Information about the UK’s points-based immigration system for EU, EEA and Swiss citizens who will arrive in the UK after 31 December 2020.
The UK left the European Union on 31 January 2020. Free movement between the UK and the European Union will end on 31 December 2020. From 1 January 2021, the UK will implement a points-based immigration system that treats EU and non-EU citizens equally, prioritising individuals’ skills and talent over where a person comes from.
This means from 1 January 2021, if you do not already live in the UK or have rights under the Withdrawal Agreement, you, as an EU, EEA or swiss citizen, will need to meet specific requirements in order to study or work in the UK. You will also need to pass relevant checks, including UK criminality checks. You can continue to visit the UK for up to 6 months without applying for a visa and may participate in a wide range of activities, including tourism, visiting family and friends, short term study and business-related activities, such as events and conferences.
Irish citizens’ status will continue to be protected as part of Common Travel Area arrangements and therefore will not require permission to come to the UK, except in a very limited number of circumstances, and will not be eligible to apply under the new points-based immigration system.
EU citizens already living in the UK
If you’re an EU, EEA or Swiss citizen living in the UK by 31 December 2020, you and your family can apply to the EU Settlement Scheme to continue living in the UK after 30 June 2021. The deadline for applying is 30 June 2021.
Applying through the points-based immigration system
You will be able to apply on GOV.UK and will need to demonstrate that you meet the relevant criteria and score the number of points required for the visa you’re applying for. Visa routes will start opening later this year and will continue into 2021.
Most people will be able to complete their application, including identity verification, using a smartphone app. Some applicants may need to attend a Visa Application Centre depending on the route they are applying for and whether they have a biometric passport or are unable to use the app.
You will need to pay an application fee and, if you are coming to the UK for more than 6 months, you may have to pay the Immigration Health Surcharge, which will enable you to access the UK’s National Health Service (NHS).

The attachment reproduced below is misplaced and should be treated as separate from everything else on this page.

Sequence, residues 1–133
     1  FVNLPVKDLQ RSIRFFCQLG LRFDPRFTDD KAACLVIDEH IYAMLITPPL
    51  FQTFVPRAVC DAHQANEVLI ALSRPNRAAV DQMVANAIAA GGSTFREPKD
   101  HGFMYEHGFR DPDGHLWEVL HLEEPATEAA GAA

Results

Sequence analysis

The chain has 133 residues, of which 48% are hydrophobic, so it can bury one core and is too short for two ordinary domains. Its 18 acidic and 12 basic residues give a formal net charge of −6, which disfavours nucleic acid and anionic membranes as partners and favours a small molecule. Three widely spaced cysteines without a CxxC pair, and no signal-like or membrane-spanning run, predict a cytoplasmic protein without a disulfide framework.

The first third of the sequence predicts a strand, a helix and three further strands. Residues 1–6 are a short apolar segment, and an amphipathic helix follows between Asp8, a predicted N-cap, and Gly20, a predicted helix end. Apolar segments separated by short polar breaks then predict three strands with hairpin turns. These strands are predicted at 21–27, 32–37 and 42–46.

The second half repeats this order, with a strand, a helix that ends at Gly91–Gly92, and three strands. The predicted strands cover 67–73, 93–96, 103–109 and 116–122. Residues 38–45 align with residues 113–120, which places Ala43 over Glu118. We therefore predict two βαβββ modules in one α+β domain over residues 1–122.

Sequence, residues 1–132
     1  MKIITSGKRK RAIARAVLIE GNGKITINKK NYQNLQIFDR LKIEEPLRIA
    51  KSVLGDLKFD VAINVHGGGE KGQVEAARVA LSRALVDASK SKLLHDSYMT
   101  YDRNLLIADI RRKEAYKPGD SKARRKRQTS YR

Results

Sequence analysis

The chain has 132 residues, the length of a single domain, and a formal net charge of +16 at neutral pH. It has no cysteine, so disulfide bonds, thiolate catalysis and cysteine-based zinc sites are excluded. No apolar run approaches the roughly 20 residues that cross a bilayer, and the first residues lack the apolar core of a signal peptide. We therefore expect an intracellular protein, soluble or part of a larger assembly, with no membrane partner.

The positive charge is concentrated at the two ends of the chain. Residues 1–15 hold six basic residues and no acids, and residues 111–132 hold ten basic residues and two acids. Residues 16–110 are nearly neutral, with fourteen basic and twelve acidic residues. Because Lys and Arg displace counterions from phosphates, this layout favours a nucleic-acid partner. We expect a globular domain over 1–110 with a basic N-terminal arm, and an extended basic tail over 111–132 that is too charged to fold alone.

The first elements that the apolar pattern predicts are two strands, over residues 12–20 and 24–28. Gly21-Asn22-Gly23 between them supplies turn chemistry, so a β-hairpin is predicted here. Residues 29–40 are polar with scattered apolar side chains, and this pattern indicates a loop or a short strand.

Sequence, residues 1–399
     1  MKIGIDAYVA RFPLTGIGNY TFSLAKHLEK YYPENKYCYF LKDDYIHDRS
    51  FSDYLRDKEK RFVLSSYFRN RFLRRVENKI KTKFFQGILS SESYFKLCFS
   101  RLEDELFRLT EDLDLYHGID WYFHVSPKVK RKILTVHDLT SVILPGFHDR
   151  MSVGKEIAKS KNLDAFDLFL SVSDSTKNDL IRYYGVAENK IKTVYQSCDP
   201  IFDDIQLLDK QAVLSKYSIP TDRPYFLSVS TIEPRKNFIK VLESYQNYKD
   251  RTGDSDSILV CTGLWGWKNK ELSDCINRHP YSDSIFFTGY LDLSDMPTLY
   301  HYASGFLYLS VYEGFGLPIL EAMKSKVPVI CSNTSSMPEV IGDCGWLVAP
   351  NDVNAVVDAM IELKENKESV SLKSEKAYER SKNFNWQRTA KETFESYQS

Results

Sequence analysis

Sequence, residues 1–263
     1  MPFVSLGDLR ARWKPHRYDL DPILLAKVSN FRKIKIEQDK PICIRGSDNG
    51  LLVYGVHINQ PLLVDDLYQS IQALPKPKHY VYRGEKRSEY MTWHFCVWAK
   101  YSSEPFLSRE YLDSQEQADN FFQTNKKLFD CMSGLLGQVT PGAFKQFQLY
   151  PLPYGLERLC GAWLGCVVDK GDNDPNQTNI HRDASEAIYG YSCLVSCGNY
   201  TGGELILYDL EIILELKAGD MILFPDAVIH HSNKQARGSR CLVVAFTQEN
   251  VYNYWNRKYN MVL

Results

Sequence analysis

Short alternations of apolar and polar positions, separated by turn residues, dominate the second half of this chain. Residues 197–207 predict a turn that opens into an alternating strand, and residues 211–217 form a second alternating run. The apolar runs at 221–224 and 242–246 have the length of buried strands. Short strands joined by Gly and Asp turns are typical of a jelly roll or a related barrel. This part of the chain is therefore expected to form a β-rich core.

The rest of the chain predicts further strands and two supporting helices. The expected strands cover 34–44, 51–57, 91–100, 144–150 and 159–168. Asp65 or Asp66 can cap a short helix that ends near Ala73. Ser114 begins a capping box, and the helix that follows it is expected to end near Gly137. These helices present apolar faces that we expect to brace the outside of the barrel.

Find out more about the application process.
Working in the UK from January 2021
Skilled Worker visa
The points-based immigration system will include a visa route for skilled workers. To be eligible for this visa, you must demonstrate:
- you have a job offer from a Home Office-licensed sponsor at the required skill level
- you will be paid the relevant minimum salary threshold by your sponsor (normally £26,500 or the going rate for their particular job, whichever is higher)
- you can speak English at the intermediate level at B1 (on the Common European Framework of Reference for languages)
Skilled Work: Health and Care visa
If you work in an eligible health occupation and have a job offer from the NHS, social care sector or employers and organisations which provide services to the NHS, are able to speak English and meet the requirements of the Skilled Worker route, you can apply for the Health and Care visa to come to the UK with your family.
There will be fast-track entry, with reduced application fees and dedicated support through the application process. If you’re eligible to apply for the Health and Care visa, you will also be exempt from having to pay the Immigration Health Surcharge. Frontline workers in the health and social care sector who are not eligible to apply for the Health and Care visa will have to pay the Immigration Health Surcharge and could benefit from a reimbursement scheme where they will be repaid.
The Global Talent visa allows the most highly skilled to come to the UK without a job offer. This visa caters for recognised global leaders, and the leaders of tomorrow in science, humanities, engineering, the arts (including film, fashion design and architecture) and digital technology, with individuals’ unique skills enriching the UK’s knowledge, economy and society. Top scientists and researchers benefit from a quicker endorsement process as part of a fast track STEM scheme.
Alternative work visa routes and specialist occupations
There are a range of other visa routes available for working in the UK, such as the Start-up and Innovator visas. There are also visa routes for further specialist occupations, including ministers of religion, sportspeople and creatives.
Read more about working in the UK from 1 January 2021.
You will need to meet certain requirements in order to study in the UK under the Student visa.
You will need to demonstrate:
- you have been offered a place on a course by a Home Office-licensed Student sponsor
- you can speak, read, write and understand English
- you have enough money to support yourself and pay for your course
- you genuinely intend to study in the UK
There is a separate Child Student visa for child students aged between 4 to 17 years old who wish to study at an independent school.
If you successfully complete a degree at undergraduate level or above in the UK, you will be able to apply for a Graduate visa to stay and work, or look for work, for a maximum period of 2 years (3 years for PhD students) after completing your studies.
The Graduate visa will open in summer 2021 to international students who were sponsored by a Home Office-licensed Student sponsor which has a track record of compliance with the UK Government’s immigration requirements.
Read more about studying in the UK from 1 January 2021.